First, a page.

9 steps to a successful risk assessment

Sometimes disasters can’t be averted, but they can still be recovered from. Planning for the worst keeps the impact to a minimum

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Few businesses are able to effectively function when IT systems fail, so completing regular risk assessments is a crucial way to defend against any worst-case scenario.

The importance of an IT risk assessment is often underestimated as daily IT demands pile up, and the sheer volume of 'paperwork' required can be daunting. To make the whole process easier, we've detailed the nine key steps that you as a CIO can take to ensure a smooth risk assessment in your organisation.

Why should you perform an IT risk assessment?

The purpose of an IT risk assessment is to ensure all vulnerabilities and shortfalls are addressed and managed properly.

“To survive and thrive amidst the uncertainty, complexity, and interconnectivity of the global business environment, organisations must improve resilience, anticipate and prepare for disruption if they hope to remain relevant and continue to serve their customers,” says Alla Valente, security and risks professionals analyst at Forrester.

“As part of the risk management strategy, the risk assessment is essential to help companies gain visibility into existing and emerging risk that threaten their critical assets (data, systems, processes, people), their operations, and their intellectual property.” 

Risk assessments are particularly important for security teams and they should be performed regularly, with the findings shared with all relevant employees and board members.

An additional benefit to risk assessments is their potential to help keep costs under control and make auditing a lot easier.

Define every possible vulnerability

Before every risk assessment, there is a large quantity of necessary admin that goes along with it. You should set aside some time to create a document (you can find a decent variety of free templates online) detailing all the possible vulnerabilities and risk that could crop up.

Note down the possible threats to your IT network – whether that be ransomware, DDoS attacks, phishing or more severe malware attacks, the possible routes in, the most vulnerable people – and provide examples.

Your organisation might only fall victim to one or so of these attacks, but noting every possible malicious activity that could befall your business will help people outside of the IT department grasp the importance of regular maintenance of the IT department and IT audits and assessments.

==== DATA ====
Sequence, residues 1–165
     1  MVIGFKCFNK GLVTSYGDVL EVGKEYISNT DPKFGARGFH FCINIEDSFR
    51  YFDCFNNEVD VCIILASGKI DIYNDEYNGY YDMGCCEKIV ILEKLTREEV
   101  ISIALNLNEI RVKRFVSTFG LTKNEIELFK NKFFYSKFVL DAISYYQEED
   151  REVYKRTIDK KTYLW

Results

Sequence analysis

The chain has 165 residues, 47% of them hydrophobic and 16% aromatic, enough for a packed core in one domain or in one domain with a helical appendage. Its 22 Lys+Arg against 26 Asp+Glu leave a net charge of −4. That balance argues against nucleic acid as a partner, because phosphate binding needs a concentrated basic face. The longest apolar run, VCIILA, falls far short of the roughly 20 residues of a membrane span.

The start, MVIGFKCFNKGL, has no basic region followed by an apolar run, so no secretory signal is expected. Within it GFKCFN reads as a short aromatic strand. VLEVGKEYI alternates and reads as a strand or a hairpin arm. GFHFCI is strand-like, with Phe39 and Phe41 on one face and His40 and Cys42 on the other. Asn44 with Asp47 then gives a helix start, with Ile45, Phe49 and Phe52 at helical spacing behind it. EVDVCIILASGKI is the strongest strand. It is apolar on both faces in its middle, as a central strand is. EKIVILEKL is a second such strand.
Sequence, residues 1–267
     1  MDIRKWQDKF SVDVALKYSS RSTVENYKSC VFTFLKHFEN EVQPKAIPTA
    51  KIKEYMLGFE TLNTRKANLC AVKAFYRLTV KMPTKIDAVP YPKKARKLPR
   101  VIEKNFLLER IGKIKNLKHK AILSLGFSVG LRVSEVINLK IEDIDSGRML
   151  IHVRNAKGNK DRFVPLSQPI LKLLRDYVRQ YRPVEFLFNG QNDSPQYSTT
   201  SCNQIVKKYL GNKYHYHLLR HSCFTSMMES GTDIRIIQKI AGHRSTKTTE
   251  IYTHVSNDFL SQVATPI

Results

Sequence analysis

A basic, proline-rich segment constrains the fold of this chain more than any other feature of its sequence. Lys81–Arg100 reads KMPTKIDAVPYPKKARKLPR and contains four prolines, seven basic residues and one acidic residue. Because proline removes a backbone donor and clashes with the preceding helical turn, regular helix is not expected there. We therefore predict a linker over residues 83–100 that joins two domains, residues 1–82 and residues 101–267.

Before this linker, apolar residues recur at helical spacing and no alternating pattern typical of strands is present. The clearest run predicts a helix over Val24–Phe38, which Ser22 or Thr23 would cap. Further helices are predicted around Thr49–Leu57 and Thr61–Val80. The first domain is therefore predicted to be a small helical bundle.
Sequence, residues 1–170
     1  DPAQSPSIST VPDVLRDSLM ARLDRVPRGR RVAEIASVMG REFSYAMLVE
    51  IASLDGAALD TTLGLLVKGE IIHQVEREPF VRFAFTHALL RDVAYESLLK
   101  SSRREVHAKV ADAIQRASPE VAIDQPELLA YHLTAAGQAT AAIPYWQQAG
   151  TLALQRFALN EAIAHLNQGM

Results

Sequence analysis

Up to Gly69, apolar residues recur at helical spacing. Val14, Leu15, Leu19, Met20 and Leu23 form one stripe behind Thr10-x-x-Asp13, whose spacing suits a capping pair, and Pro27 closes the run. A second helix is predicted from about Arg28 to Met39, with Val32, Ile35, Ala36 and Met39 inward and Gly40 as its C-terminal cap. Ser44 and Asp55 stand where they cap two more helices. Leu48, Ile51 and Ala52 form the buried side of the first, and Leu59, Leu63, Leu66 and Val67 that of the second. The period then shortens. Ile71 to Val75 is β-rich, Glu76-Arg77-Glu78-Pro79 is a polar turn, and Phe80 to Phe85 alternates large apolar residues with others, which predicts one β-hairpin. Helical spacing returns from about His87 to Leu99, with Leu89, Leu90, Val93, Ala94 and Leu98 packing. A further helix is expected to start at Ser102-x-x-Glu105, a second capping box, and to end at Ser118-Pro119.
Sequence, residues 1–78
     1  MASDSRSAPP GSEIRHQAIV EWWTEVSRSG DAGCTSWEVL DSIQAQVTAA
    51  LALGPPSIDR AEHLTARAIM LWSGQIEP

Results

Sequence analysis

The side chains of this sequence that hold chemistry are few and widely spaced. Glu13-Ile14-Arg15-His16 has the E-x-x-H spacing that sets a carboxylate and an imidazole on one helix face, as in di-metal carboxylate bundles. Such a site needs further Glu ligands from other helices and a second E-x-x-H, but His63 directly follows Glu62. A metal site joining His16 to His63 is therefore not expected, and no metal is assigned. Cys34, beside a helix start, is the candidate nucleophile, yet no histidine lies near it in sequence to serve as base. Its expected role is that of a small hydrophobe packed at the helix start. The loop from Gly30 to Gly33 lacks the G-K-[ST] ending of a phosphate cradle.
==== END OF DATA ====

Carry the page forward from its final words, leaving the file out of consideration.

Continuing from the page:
“Risks are interconnected and unforeseen events often trigger a cascading effect. For example, an event such as a cyberattack starts in security, but can have a domino effect on compliance, resulting in fines and regulatory scrutiny, revenue loss and reputational damage,” says Valente.

Each possible risk identified requires a detailed review of the threat. Using real-life scenarios is an effective way of envisioning the possible consequences for the organisation.

A vulnerability assessment should be conducted by IT using both automated and manual tools to identify any areas of weakness that should be classified as at-risk areas. A security risk assessment checklist and an audit checklist are useful tools to help review the risks, while web-based tools offer more advanced means to compute them.

The assessment should note the current security situation covering the protection in place and any gaps that may not be covered.

Communicate your plans and gather relevant stakeholders

It's easy to think that a risk assessment is only relevant to the people directly involved. However, you should consider explaining the procedures and the possible impact of its outcome, whatever that may be, to everyone in the whole department.

A risk management procedure will be easiest to implement with the right people involved. Set an advisory committee to include representatives of every area of the business where risks could be contained, and any individuals who could know how to contain it.

Offering a meeting to give an overview to everyone in your team or dropping them an email is not only good practice, but it should make everyone ready for any interferences in schedules or unfamiliar faces around the office.